Is your SIEM stuck in the past? Is it “mature”? Is it evolving? Is it solving one problem or many? Is it collecting logs or collecting dust? This post continues our journey into SIEM deployment architecture and SIEM operational processes.
First, if your SIEM architecture was built in, say, 2003, and it has been solving the original problem (e.g. monitoring user access to servers or reducing IDS/IPS “false positives”) successfully, there is absolutely nothing wrong with that. It may not be “evolving," but so what? Hopefully, you are not paying 20% of $1m every year for FP reduction, but other than that a “static” SIEM deployment is not inherently worse than a “dynamic” one. It may be “static” or “in maintenance mode," but if it makes you happy, who am I to argue with that?
However, there seems to be a non-trivial number of SIEM deployments that are stuck in various non-productive stages. Let’s review that.
- Stuck in collection: it often happens when people plan a SIEM project in a “horizontal” manner – all collection first, all analysis later (rather than on a use case by use case basis). The end result of this is a nice log collection system at 10x the price of a nice log collection system.
- Stuck in compliance: it happens when people buy a SIEM “to check the box” and never start using it for anything beyond scaring the auditors. The end result is one REALLY expensive checkbox.
- Stuck at “problem 1 solved, N to go”: it may occur when an organization builds a SIEM deployment, solves the initial problem (as it should), but then something breaks – maybe staff turns over, security team gets downsized, consulting budget runs out – and the deployment focus shifts on maintaining “status quo.” The end result is one of a missed opportunity – and eventual realization “We paid WHAAAAT to get this taken care of?!!!”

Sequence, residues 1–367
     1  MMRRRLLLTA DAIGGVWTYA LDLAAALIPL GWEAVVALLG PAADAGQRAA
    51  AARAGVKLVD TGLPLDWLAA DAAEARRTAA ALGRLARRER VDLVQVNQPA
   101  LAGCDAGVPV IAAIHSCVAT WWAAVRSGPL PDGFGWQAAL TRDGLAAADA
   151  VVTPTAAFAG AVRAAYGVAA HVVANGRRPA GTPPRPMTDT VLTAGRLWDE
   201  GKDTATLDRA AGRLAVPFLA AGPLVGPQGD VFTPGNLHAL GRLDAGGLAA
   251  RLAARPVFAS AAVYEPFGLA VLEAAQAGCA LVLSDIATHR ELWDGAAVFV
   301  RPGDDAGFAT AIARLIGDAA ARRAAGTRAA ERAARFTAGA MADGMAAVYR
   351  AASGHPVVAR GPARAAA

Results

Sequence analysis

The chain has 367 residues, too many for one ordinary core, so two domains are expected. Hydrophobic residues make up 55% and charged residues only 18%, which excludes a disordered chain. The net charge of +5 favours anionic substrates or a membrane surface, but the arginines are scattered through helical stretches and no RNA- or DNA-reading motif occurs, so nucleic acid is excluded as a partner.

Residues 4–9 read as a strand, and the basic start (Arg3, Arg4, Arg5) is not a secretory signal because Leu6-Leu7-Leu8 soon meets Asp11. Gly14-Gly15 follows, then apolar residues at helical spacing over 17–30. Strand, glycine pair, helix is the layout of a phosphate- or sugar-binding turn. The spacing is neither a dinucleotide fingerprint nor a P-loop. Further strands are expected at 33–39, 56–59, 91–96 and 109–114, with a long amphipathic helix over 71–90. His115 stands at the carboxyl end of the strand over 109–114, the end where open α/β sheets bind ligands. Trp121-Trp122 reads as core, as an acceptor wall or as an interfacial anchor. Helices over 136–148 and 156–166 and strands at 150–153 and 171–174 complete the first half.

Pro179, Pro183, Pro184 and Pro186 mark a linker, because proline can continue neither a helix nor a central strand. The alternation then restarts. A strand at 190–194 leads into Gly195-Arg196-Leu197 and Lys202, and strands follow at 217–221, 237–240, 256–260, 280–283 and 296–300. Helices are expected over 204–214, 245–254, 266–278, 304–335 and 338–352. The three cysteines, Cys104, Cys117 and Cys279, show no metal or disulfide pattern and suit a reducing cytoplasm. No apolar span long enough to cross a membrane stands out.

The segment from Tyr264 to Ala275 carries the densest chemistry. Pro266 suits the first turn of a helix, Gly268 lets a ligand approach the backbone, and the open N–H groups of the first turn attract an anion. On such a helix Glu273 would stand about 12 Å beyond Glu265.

- Stuck in investigations: nowhere near as harmful as the previous ones, this happens when a SIEM is mostly used to investigate – rather than detect – incidents since the organization never matures to security monitoring stage. A common end result of such deployments is a SIEM being replaced by a well-known log search tool.
On the other hand, the best path for a SIEM deployment is from success to success, with constant refinement and expansion. There is nothing more motivating than a sequence of “quick wins,” solved problems, value realized, etc. It helps retain security personnel, unlock budget, refine processes, improve collaboration and integration – and ultimately creates a self-fulfilling prophesy of a successful security monitoring program. In essence, it works like a bicycle – you are happy only if you pedal and thus move forward.
What is the way to get there? A SIEM program self-health check of some sort. Just as we check for “are the logs flowing in?”, we should check for “is the value being delivered?” AND “what else we can solve next?” If no value is seen, what can we change, add, subtract, refine, improve so that it does show up? (hint: it is rarely the product itself) If no obvious next step comes to mind, ask around the organization. This process (oversimplified here for keeping it blog-sized) will definitely help you “run your SIEM well.”